Wednesday, March 5, 2014

Cremant de Die and Clairette de Die: Two faces of sparkling wine

In my continuing research on sparkling wine regions, I encountered Die, a wine region 30 miles off the Rhône beaten path, with sharply contrasting sparkling wine production methods. I share my findings regarding the region and its wines in this post.

The Drôme River is a tributary of the Rhône which, conveniently, serves as the dividing line between the wines of the north and south. Die, and its wines, are located in this river valley. Die produces both sparkling and still wines (Chatillon-en-Diois for reds and rosés, Coteaux de Die for whites) but it is in the sparkling wines that our interest lies.

Used with the permission of Syndicat de
la Clairette de Die et des vins du Diois 

Used with the permission of Syndicat de la Clairette de Die et des vins du Diois 

Die's climate can be described as Alpine Mediterranean because of the impact of both bodies on its environment. The region lies at the northern extreme of the Mediterranean climate and, as such, is subject to periods of extended warm weather and intense sunshine. On the other hand, its proximity to the Alps subjects it to rapid-development mountain storms and rain showers. In addition to affecting the areas' climate, the Alpine Mediterranean juxtaposition also contributes to a significant diurnal temperature effect.

The geographic environment is characterized by glacial rock formations and high cliff faces. The vineyards lie on a granitic base over which is overlain by chalky clays and sedimentary limestone rocks. The 1500 ha of vineyards all lie along the hillsides on both sides of the river and, end to end, extends over 31 municipalities. Elevations herein range between 200 and 700 meters.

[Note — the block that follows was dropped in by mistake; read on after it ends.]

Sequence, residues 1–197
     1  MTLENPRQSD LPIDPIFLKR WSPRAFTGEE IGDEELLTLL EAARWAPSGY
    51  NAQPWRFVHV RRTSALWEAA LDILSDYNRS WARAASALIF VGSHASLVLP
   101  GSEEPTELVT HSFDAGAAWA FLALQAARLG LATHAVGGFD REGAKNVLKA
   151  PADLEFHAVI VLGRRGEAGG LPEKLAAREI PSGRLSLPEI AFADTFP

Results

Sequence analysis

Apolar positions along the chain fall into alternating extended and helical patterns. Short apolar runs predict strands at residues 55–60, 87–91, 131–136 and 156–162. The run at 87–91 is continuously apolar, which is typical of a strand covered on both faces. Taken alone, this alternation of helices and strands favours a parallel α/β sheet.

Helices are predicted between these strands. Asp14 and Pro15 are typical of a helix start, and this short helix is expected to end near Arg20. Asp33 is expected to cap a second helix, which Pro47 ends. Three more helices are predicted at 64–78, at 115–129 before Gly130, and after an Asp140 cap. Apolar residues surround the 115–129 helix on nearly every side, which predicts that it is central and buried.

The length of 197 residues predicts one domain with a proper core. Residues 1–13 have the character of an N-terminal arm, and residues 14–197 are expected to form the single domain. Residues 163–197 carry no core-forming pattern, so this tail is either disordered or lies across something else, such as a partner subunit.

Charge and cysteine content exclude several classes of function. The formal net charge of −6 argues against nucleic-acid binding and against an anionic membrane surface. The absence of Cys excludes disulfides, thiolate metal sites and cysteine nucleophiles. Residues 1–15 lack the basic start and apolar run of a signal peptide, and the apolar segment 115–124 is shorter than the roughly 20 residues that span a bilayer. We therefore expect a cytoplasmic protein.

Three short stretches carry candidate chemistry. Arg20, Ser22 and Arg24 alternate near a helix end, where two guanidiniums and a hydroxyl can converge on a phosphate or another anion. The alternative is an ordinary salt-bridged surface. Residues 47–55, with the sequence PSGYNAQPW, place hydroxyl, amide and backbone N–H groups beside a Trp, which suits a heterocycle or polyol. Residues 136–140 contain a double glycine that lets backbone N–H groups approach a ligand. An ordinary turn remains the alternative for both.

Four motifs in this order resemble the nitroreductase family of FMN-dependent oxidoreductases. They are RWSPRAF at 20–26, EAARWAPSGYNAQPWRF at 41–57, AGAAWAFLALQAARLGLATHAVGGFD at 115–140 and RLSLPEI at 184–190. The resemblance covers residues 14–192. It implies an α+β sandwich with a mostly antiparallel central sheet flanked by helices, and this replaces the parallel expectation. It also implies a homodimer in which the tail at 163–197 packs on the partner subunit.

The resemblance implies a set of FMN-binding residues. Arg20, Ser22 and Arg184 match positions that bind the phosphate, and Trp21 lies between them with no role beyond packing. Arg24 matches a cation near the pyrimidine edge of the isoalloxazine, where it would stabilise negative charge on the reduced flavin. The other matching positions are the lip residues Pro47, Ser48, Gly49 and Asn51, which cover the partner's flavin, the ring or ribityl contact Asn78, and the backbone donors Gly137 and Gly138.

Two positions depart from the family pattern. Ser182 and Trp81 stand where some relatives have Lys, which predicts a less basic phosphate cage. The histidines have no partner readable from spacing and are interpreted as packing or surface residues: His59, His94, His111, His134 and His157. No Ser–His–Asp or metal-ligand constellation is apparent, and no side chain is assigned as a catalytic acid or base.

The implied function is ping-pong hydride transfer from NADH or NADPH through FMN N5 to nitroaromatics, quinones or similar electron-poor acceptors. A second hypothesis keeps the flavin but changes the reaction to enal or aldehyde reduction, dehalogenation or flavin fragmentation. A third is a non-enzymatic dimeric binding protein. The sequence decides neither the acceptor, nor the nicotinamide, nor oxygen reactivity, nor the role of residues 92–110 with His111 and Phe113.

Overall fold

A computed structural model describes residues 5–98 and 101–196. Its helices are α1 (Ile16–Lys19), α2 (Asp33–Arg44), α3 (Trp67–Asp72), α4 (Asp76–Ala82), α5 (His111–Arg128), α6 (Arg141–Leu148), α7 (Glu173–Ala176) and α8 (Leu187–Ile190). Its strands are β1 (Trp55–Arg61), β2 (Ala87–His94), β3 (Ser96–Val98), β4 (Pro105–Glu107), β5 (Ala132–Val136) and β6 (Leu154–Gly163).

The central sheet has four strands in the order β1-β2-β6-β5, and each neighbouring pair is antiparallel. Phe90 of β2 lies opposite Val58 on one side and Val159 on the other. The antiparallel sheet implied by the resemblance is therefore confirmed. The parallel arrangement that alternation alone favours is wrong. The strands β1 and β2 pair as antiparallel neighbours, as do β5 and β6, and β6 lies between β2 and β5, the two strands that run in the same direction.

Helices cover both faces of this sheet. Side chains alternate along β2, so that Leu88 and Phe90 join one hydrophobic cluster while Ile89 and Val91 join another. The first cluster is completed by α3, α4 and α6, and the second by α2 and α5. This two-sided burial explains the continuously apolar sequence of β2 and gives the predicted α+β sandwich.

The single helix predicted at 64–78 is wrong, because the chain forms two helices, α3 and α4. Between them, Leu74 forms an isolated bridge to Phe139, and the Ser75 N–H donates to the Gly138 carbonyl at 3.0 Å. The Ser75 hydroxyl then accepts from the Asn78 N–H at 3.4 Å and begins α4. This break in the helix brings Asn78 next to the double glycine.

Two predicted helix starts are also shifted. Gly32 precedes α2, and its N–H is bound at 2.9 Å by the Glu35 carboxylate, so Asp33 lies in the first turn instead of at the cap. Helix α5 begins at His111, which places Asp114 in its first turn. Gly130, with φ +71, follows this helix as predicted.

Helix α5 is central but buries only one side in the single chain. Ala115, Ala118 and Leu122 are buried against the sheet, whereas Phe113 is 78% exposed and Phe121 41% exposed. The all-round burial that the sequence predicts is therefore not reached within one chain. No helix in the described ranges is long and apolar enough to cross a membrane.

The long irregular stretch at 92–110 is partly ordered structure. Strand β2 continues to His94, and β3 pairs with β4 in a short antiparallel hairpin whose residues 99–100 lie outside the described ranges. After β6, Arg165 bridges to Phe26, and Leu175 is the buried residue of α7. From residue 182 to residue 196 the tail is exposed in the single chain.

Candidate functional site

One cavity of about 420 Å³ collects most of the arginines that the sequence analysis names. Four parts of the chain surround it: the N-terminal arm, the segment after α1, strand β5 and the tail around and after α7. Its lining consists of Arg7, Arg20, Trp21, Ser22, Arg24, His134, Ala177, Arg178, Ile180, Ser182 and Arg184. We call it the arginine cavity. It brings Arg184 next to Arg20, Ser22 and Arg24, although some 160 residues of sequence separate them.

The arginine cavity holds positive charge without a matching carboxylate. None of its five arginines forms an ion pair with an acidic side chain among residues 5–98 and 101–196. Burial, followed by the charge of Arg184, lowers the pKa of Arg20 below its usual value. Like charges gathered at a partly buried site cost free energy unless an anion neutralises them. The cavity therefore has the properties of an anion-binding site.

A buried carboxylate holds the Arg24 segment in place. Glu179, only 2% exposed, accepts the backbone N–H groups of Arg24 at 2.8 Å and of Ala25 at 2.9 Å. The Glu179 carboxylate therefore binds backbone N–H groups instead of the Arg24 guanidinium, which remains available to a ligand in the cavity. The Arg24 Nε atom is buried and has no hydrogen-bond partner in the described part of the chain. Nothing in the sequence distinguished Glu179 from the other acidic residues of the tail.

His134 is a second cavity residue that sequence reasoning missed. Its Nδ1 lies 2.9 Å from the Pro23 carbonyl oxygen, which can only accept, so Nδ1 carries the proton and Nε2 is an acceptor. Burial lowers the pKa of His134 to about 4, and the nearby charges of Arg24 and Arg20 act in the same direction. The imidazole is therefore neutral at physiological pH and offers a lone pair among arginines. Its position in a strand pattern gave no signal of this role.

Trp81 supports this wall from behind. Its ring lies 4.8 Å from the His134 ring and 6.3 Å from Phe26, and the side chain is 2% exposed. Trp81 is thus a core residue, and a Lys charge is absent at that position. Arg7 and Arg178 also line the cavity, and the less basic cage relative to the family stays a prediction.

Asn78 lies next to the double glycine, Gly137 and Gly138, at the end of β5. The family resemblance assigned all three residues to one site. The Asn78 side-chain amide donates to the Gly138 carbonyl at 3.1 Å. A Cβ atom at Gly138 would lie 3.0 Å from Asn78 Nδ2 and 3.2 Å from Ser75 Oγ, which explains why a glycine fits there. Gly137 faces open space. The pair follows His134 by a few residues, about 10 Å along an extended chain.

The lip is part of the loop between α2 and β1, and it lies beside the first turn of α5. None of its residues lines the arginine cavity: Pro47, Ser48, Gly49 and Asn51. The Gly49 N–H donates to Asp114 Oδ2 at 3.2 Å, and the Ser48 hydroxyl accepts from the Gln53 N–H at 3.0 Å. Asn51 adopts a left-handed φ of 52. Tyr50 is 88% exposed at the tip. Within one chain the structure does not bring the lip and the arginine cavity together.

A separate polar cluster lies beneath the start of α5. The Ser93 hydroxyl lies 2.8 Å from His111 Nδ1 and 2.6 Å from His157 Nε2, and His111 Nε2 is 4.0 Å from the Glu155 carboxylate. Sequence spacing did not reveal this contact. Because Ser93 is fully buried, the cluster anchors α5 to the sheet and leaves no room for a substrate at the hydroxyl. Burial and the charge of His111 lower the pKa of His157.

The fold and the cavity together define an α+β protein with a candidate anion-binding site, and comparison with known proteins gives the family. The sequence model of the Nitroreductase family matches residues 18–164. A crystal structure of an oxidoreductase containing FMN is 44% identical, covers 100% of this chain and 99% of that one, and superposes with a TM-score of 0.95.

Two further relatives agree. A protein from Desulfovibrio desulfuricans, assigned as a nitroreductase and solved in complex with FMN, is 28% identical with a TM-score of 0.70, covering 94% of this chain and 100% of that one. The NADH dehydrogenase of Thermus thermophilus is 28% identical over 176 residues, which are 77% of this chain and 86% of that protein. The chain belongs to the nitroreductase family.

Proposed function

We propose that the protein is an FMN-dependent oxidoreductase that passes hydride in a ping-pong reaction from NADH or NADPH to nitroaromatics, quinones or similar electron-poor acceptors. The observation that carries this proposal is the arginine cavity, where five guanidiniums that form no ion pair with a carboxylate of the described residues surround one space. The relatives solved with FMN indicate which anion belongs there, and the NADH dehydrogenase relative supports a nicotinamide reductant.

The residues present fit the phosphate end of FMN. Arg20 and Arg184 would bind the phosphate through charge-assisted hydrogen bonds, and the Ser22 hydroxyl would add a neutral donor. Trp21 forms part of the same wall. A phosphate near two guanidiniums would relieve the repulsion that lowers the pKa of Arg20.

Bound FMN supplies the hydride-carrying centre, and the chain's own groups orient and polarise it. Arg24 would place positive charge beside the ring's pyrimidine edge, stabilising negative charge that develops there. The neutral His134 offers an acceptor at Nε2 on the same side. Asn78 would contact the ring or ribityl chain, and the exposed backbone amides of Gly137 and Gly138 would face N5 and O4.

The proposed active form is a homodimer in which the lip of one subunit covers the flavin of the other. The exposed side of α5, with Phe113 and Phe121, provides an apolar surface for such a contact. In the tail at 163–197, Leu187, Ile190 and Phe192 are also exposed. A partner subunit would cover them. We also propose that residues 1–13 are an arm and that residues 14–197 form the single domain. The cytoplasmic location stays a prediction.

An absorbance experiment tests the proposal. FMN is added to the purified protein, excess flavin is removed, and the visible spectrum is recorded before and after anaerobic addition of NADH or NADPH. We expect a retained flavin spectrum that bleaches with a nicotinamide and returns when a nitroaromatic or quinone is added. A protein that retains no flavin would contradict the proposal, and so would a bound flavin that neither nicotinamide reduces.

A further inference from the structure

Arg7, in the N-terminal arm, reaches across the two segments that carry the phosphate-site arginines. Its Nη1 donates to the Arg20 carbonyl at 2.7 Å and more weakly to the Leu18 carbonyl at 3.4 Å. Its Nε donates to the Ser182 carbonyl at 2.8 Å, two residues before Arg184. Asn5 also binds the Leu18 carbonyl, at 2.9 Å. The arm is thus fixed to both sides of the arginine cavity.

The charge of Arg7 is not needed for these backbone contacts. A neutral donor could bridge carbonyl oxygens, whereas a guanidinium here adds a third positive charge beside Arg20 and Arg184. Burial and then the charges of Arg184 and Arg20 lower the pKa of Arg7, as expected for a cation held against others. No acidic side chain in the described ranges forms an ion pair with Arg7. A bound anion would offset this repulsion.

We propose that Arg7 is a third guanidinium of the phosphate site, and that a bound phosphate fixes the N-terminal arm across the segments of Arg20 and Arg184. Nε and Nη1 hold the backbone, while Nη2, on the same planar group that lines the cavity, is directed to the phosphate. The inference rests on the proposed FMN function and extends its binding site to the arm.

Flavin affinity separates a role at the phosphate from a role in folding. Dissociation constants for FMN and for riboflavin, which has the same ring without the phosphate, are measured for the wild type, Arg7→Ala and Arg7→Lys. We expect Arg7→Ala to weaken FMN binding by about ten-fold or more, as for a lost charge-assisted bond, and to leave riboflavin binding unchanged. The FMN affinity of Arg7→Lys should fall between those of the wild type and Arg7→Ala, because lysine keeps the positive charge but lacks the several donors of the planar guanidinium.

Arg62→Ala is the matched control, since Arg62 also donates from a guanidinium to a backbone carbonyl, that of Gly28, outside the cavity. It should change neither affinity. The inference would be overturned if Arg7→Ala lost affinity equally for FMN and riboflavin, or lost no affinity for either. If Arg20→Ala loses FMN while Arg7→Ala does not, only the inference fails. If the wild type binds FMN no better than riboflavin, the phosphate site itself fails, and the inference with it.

The Die sparkling wine appellations -- Cremant de Die and Clairette de Die -- are described below.

Cremant de Die

Cremant de Die is the appellation for sparkling wine made in the Champagne manner and utilizing the following varieties: Clairette (55% minimum), Muscat Blanc à Petits Grains (5 to 10%), and Aligoté (10 to 40%). Production of this wine began in the 1960s and, until 2004, was restricted to Clairette only. The wine was awarded AOC designation in 1993.

Grapes for the wine are whole-bunch-harvested and then run through the traditional method. The wines are aged on lees for a minimum of 12 months with the norm being somewhere between 12 and 36 months. The finished wine is described as having rich aromas with notes of apple and green fruit and freshness on the finish. The altitude, limestone and clay soils, and temperature shifts results in high levels of natural acidity in the wine.

Over 40% of the region's sparkling wine is classed as Cremant de Die. The 13 producers involved in the business make 400,00 bottles annually with 85% of that production being consumed within France.

Clairette de Die

Clairette de Die is the appellation for a naturally sparkling wine made from Muscat Blanc à Petits Grains (75% minimum) and Clairette. This wine has a long history with AO status granted in 1910, AOC designation in 1942, and designation as "ancestral dioise process" in 1971.

Clairette de Die grapes are sourced from the same vineyards as are grapes for Cremant de Die. There are a total of 300 farmers involved in grape production, 250 of whom are associated with the Cave de Die Jaillance coop and the remainder either being part of smaller cooperatives or functioning as family farms.

The Clairette de Die production process stands in stark contrast to that of the Cremant de Die. The grapes are rapidly pressed and placed into vats where they are allowed to ferment at low temperatures. After 1 to 2 months, the fermentation is stopped -- the must still contains residual sugar -- and the proceeds bottled. This partially fermented wine is kept in bottle, at temperatures of approximately 12℃, for about 4 months during which time fermentation of the residual sugar continues. The carbon dioxide released during this fermentation is secreted in the wines and will provide the bubbles upon opening. Unlike the traditional method, there are no additives along the way.

Fermentation ceases naturally when the wine is about 7% to 9% abv and, at this time, the wine is ready for drinking. As there is no opportunity to manipulate the sugar content of the wine, it is only available in a Brut style.

©Wine -- Mise en abyme

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